Library Journal
Woody has come from America to England to manage a new branch of Texts, a book megastore. At first, only small things seem to go wrong: machinery malfunctions, books are misplaced, and the ubiquitous fog seems to seep into workday communications. When a staff member dies from a hit-and-run accident and another loses the ability to read, events take a more sinister turn, culminating in an overnight stock party to prepare the store for its visiting owners-or to bring everyone together for an evening of terror. The prolific Campbell excels in displaying the horror of the everyday. His slice-of-life characters and fast-paced plotting give a cinematic feel to this tale of modern terror. For most horror collections. Copyright 2005 Reed Business Information.
Kirkus Reviews
Amusingly damp horror in a fog-bound British bookstore. Don't touch that shelf! Despite his many titles and high standing among lovers of babbling madness, Campbell (The Darkest Part of the Woods, 2003, etc.) reveals in his acknowledgments that he found himself short-funded in March 2001 and went to work at a British branch of Borders. He avers that none of the folks in his novel resemble fellow book-shelvers met during those days in the darkest part of the royalty woods. Woody Blake, an American manager for Texts bookstores who has put shops shipshape in New Orleans and Minneapolis, has now been sent to Fenny Meadows Retail Park in northern England to open a giant new Texts store. In the States, such haunts are usually built on an Indian burial ground, but this one is on a fenny meadow-which means things get very misty. And that's not all. Overnight, books leap from their rightful shelf to that opposite. They resist nightly tidying up after closing hour and lie splayed about come morning. People order books, but orders vanish from computer screens or the book lands among the discards, its inner pages lost and print blurry. Blurry print spreads like a virus. Books get grubby, damp, slimed. Weird damp fog-things (well, squat gray jellies) slurp about the aisles at night. A hit-and-run kills store worker Lorraine in the car park. Another worker, mind-wiped, can no longer make sense of words. And now the bosses are coming for a Christmas-rush inspection of Woody's work. Horrors: this calls for an overnight with the whole staff pitching in to put the store in order. Power fizzles, something invades and blurs the grey computer screens. And can the inspectors even find the shop in the soddenfog on this sinking soggy tarmac? The mud, the mud! Whole villages long ago sank from sight right here. An appealing little fancy. Display this upfront.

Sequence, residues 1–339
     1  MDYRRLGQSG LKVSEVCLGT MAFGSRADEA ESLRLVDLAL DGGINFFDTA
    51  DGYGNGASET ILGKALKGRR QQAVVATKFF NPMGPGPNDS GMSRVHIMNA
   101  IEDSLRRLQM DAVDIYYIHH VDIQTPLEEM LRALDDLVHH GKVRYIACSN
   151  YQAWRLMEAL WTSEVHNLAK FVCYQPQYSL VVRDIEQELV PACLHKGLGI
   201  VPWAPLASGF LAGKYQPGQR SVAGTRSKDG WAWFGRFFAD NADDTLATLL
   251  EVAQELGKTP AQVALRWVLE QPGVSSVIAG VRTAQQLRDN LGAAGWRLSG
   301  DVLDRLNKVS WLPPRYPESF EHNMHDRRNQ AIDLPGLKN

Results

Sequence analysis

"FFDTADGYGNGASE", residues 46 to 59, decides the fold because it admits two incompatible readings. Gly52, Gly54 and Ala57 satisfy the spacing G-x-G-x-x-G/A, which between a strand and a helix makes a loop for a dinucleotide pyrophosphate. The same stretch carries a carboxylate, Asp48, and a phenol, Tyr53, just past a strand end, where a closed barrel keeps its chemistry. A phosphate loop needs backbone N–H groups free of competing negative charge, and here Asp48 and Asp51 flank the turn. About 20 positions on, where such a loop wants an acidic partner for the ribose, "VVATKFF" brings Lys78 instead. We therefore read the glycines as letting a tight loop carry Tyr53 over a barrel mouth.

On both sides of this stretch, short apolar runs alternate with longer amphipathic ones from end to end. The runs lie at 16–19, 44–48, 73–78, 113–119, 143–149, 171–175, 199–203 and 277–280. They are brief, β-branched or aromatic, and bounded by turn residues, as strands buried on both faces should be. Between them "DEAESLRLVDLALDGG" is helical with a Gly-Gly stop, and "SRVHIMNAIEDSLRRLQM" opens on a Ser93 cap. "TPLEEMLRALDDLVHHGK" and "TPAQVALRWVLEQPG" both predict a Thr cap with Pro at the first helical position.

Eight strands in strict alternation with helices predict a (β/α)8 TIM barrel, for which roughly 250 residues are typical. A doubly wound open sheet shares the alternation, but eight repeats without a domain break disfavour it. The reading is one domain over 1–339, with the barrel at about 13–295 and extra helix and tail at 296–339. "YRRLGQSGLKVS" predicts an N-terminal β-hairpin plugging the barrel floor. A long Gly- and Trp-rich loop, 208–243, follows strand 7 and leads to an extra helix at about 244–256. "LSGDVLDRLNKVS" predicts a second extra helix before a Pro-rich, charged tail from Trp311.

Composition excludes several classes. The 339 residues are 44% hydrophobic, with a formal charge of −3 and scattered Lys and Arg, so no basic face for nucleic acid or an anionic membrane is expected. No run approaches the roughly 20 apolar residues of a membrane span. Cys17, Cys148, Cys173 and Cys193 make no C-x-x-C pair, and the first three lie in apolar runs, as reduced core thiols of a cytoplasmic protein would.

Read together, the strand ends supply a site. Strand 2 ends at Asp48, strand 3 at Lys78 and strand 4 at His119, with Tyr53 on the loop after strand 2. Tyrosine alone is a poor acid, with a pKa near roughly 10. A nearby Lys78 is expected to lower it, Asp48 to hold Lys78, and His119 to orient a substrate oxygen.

Product Details

Tom Doherty Associates
Publication date:
Edition description:
First Edition
Product dimensions:
4.14(w) x 6.74(h) x 1.13(d)

Read an Excerpt


What time Is this supposed to be? He seems hardly to have slept but already there’s the travel alarm. No, it’s the cordless phone that comes with the house and is forever wandering off. The muffled shrilling makes him feel jet-lagged all over again, though it’s months since he moved to England. He sprawls out from under the quilt that’s meant to protect him from the northern English weather, only to find he’s left the phone downstairs. A robe would be welcome, but the tag is twisted around the hook on the door and the phone may not wait Maybe it’s Gina thinking it’s daytime this side of the ocean. Maybe she’s decided to give his bookstore a chance after all.
He slaps the switch for the barely shaded light and tramps fast out of the room and down the stairs that aren’t quite as wide as a telephone booth. Banisters slick with chilly paint the colour of old teeth creak a warning not to lean on them too hard. The globe over the stairs spends most of its energy just being yellow. He wouldn’t have thought, until he walked on it barefoot, that a carpet could be so cold, but it can’t compete with the linoleum in the kitchen. The phone isn’t in there either. At least renting a house so small nobody except Brits would want to own it means there aren’t many places for a phone to hide.
It’s in the front room, by the chair facing the television that has so few channels it doesn’t even need a TV Guide. The stale chocolate curtains are drawn, and he switches on the pink-shaded light on the way to the chair. The phone isn’t by it, it’s down the side, and what else is he dredging up? A candy wrapper decorated with hair and fluff, a greenish coin so old he doubts it’s legal. He turns on the phone with his other hand. “Woody Blake.”
“Is that Mr Blake?”
Did he dream he just told the man that? “You got me, sure enough.”
“Mr Blake the manager of Texts?”